From Shooting Illustrated: http://www.shootingillustrated.com/articles/2016/2/18/optimizing-9-mm-performance-in-carbines/
by Oleg Volk
Thursday, February 18, 2016
Maker Bullets is a small and modest company in Atlanta, GA. Run by Paul Hendrixon, it isn’t a household name even through quite a few brands for which the company manufactures OEM ammunition and firearms parts are. This year, Maker Bullets is making a splash in clear ballistics-gel blocks with the introduction of three 9 mm cartridges designed specifically for pistol-caliber carbines. Available in 75-, 115- and 147-grain weights, the all-copper machined projectiles are teamed up with slower-than-usual powders to produce higher performance in 16-inch barrels. The choice to include the very light-for-caliber 75-grain bullet was made based on the observation that bullets lighter than 115 grains seemed more accurate in Kel-Tec Sub-2000 and other carbines I used for testing. Most of the firing was done with the Sub-2000, but Sterling, Beretta CX4 and AR-15 carbines all showed similar accuracy trends with various loads.
When the 9 mm cartridge was developed in 1902 by necking up 7.65 Luger, it was intended for short barrels. The original P08 had a barrel under 4 inches, and even the longest “artillery” model had less than 8 inches of barrel. The original 9 mm submachine gun, the MP-18, had less than 8 inches as well. As the cartridge popularity grew, many arms were chambered for it, but barrels have invariably stayed less than 10 inches in length. The increase to 16 inches typical of American semi-auto 9 mm carbines came as the popularity of submachine guns with non-institutional users collided into the 1934 NFA prohibition on barrels shorter than that without a tax stamp and an onerous, ATF slow-registration process. Combined with additional restrictions on actual submachine guns starting in 1986, NFA made it impractical to sell short 9 mm carbines, but didn’t affect the longer clones.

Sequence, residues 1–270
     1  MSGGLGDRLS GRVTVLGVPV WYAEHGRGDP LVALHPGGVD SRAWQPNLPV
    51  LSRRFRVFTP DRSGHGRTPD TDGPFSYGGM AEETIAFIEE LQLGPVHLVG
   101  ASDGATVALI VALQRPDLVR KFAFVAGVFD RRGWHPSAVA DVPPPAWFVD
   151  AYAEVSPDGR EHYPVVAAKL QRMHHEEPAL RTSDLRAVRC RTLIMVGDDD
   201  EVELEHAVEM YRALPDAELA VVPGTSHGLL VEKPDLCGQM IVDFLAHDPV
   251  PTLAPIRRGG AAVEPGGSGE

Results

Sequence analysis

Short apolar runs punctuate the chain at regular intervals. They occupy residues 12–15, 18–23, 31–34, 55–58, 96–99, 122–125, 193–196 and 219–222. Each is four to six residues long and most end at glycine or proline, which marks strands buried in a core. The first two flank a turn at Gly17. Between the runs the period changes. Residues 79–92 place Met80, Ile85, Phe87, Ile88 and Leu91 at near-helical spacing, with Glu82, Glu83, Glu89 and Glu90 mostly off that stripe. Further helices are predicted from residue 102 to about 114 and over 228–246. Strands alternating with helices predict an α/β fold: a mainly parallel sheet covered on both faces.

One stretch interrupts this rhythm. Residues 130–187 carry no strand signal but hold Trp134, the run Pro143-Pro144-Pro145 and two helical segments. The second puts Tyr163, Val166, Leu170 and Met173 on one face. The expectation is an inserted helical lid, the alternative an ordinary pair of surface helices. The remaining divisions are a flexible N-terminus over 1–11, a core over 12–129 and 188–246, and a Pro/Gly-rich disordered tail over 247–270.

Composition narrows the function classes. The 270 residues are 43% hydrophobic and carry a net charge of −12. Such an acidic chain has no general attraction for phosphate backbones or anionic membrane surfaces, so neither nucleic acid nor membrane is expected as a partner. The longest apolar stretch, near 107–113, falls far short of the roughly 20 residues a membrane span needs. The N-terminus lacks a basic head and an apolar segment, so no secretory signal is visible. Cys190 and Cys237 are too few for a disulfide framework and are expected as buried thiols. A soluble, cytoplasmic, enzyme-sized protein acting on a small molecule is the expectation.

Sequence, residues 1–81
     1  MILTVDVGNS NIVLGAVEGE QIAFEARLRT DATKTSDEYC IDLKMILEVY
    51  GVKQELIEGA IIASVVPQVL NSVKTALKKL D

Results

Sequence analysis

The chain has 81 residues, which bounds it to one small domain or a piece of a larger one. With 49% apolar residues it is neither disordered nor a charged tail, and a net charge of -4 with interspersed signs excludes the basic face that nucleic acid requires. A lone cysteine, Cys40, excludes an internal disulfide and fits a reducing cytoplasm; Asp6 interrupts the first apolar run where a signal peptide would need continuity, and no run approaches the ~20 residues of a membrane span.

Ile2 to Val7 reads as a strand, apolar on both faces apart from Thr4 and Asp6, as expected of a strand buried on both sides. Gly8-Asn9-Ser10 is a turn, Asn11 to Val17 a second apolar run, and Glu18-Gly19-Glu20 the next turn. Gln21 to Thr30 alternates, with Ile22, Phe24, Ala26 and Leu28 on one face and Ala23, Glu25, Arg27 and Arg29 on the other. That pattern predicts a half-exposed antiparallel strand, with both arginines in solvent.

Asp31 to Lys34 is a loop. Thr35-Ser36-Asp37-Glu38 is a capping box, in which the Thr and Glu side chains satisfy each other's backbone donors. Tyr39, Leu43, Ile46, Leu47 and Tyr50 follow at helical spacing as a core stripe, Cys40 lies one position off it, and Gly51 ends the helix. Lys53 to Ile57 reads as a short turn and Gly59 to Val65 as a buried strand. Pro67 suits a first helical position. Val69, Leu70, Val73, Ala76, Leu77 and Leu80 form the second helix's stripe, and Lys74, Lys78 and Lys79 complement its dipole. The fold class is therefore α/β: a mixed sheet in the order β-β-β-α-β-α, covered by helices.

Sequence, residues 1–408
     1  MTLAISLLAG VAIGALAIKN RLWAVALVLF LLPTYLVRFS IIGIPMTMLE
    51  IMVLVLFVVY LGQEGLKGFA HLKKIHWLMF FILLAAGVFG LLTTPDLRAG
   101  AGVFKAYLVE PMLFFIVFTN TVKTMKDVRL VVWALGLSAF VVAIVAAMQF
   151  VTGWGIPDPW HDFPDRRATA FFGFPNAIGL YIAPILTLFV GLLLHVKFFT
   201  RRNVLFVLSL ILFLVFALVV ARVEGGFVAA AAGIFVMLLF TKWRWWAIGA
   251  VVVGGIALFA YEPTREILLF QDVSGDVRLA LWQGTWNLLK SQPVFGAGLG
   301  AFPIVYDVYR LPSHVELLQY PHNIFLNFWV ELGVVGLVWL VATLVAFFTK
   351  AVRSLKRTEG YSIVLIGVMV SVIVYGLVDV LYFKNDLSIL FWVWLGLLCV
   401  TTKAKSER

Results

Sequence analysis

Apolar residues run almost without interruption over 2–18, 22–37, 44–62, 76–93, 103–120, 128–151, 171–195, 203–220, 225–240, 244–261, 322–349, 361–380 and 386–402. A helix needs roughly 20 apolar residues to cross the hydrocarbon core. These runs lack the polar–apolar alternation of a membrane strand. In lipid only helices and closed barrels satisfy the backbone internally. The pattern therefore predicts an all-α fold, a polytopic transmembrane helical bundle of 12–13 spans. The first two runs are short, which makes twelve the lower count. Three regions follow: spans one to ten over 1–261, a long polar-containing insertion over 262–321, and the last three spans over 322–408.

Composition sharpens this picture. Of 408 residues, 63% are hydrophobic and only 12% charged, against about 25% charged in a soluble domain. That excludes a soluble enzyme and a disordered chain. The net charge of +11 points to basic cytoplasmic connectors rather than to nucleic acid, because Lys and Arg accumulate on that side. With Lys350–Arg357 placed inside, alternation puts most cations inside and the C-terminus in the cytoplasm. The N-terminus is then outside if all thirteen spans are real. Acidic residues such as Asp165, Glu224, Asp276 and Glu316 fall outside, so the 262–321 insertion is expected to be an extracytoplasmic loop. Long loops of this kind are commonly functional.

The longer barrels yielded less muzzle flash, but gave only a modest rise in velocity for the considerable increase in overall size. With the proliferation of pistol cartridges more deliberately optimized for compact carry pistols, the improvement in performance from carbine barrels got even more reduced. While carbines are usually overbuilt for 9 mm ballistics, they are, with the exception of MP5 clones and the SIG Sauer MPX, all simple blowback devices. Use of +P ammunition to improve performance can lead to early bolt opening, with potentially unsafe high-pressure gas escaping from the ejection port. Also, many of the 9 mm bullets are designed to work only within a narrow range of velocities, fragmenting and thus under-penetrating when launched too fast. People would still practice “cowboy logistics”, as Albert Yang called it, carrying a carbine that used the same magazine and ammunition as their pistol, but more for the increased accuracy than for hitting harder. I tested Maker Bullet ammunition along with several competitors to see if using two loads optimized separately for pistol and carbine would make sense.